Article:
“Magic tricks work because humans have a hardwired process of attention and awareness that is hackable. By understanding how magicians hack our brains, we can better understand how the same cognitive tricks are at work in advertising strategy, business negotiations, and all varieties of interpersonal relations. When we understand how magic works in the mind of the spectator, we will have unveiled the neural bases of consciousness itself.”
Sleights of Mind is as fascinating as it is informative, easily extending onto cognition, economics, memory, art and the things in our head that make us think we have conscious control of many of our choices. Anyone who has an interest in 5GW, and / or John Boyd and his Observe, Orient, Decide, Act (OODA) Loop should immediately add Sleights of Mind to their must-read list.
More information about the book and the authors, including some very interesting videos of neuroscience and magic in action, can be found at the Sleights of Mind website.
From Rolling Stone:
In short, the story is about how Lt. Gen. William Caldwell tasked his Information Operations (IO) team with targeting visiting U.S. Representatives and Senators in order to provide more personnel and funding to support his efforts to train the Afghan security forces. The team, trained in psychological operations, apparently resisted the plan as unethical.
“My job in psy-ops is to play with people’s heads, to get the enemy to behave the way we want them to behave,” says Lt. Colonel Michael Holmes, the leader of the IO unit, who received an official reprimand after bucking orders. “I’m prohibited from doing that to our own people. When you ask me to try to use these skills on senators and congressman, you’re crossing a line.”
The rub here is apparently about the difference between Information Operations and Public Relations which seems to entirely depend on who is considered an enemy, who get the Psy-ops and propaganda; or an ally, who get the orchestrated briefings, staged demonstrations and photo-ops.
“In March 2010, Breazile issued a written order that “directly tasked” Holmes to conduct an IO campaign against “all DV visits” – short for “distinguished visitor.” The team was also instructed to “prepare the context and develop the prep package for each visit.” In case the order wasn’t clear enough, Breazile added that the new instructions were to “take priority over all other duties.” Instead of fighting the Taliban, Holmes and his team were now responsible for using their training to win the hearts and minds of John McCain and Al Franken.”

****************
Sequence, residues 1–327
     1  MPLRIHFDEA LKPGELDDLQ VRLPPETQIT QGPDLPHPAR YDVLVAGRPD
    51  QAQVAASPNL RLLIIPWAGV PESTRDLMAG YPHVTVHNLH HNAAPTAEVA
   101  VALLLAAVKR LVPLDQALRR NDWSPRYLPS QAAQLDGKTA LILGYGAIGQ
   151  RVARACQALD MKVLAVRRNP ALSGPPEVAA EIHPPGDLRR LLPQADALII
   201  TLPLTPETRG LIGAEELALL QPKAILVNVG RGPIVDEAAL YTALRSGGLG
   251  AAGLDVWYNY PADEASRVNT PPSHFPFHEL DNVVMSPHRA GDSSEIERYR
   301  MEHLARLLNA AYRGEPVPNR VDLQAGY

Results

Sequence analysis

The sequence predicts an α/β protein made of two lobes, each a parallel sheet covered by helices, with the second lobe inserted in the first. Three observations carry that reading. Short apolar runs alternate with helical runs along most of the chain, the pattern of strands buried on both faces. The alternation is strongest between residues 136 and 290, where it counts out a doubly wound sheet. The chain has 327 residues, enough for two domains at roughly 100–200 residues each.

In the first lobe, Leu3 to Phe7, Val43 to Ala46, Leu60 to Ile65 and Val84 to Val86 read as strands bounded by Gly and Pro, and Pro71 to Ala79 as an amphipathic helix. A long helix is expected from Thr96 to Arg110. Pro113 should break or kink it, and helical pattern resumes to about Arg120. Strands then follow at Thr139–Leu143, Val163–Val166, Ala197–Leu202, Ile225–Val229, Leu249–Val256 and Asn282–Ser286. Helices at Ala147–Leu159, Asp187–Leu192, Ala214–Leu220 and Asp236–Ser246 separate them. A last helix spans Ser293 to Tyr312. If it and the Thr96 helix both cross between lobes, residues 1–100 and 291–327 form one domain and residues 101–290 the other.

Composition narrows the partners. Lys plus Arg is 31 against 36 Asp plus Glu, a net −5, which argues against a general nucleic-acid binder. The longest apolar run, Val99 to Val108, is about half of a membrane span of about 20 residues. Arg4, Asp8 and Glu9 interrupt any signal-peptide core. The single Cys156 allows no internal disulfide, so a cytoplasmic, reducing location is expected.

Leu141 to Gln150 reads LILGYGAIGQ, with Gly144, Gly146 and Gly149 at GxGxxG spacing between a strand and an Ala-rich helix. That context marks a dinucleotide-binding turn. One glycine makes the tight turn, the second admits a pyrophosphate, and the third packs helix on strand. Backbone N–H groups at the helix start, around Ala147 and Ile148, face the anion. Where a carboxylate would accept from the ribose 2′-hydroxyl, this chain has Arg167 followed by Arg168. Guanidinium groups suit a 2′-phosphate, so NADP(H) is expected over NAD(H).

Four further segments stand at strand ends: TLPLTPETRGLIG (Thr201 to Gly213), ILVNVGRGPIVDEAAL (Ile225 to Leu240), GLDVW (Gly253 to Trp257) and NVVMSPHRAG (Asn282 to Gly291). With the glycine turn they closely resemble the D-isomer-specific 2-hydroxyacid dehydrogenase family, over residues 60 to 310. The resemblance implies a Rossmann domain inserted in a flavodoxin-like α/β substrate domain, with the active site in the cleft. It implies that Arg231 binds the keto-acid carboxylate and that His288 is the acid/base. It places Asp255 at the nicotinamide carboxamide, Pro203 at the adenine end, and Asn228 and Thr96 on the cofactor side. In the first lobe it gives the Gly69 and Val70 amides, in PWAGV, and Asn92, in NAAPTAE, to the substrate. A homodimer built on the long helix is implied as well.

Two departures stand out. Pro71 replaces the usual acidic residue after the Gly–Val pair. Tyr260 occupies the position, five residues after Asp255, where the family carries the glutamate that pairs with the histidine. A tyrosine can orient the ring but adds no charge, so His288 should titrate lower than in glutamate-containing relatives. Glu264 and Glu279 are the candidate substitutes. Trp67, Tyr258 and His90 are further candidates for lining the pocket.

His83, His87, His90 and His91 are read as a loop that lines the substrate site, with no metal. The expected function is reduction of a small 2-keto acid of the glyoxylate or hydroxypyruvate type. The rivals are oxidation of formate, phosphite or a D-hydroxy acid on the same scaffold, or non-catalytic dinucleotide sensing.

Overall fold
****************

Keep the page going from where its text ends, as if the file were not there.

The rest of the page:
From a Fifth Gradient Warfare point of view there really isn’t a difference between IO and PR. Preparation of context is the heart of either of these kinds of efforts. To my thinking General Caldwell gets that. He is trained (I hope) to seek advantage wherever he can find it and he saw an opportunity to use the resources at his disposal to improve his position in order to better accomplish his mission. According to the article he was even considering using his IO operation to create support among U.S. and NATO populations. That’s pretty bold but it certainly isn’t stupid. If politicians or anybody else is upset because they were the “targets” of this operation they need to grow up. The world is full of conflict and you are always somebody’s target. Any perceived difference between IO and PR is a polite fiction we use to convince ourselves that we are the good guys and they are the enemy.
Further Recommended Reading on the article at the always interesting Small Wars Journal:
On a lighter note,
Via Popular Science:
I’m not afraid that the Zombie Apocalypse is actually coming, but I do love the “what-if” scenarios that make it so interesting to think about. This article asks scientists if it would even be possible to manufacture a virus that would turn the population into brains-seeking, shambling, undead monsters.
One possible answer has cows going mad, or rather causes cows to go mad:
The most likely culprit for this partially deteriorated brain situation, according to Schlozman, is as simple as a protein. Specifically, a proteinaceous infectious particle, a prion. Not quite a virus, and not even a living thing, prions are nearly impossible to destroy, and there’s no known cure for the diseases they cause.
The first famous prion epidemic was discovered in the early 1950s in Papua New Guinea, when members of the Fore tribe were found to be afflicted with a strange tremble. Occasionally a diseased Fore would burst into uncontrollable laughter. The tribe called the sickness “kuru,” and by the early ’60s doctors had traced its source back to the tribe’s cannibalistic funeral practices, including brain-eating.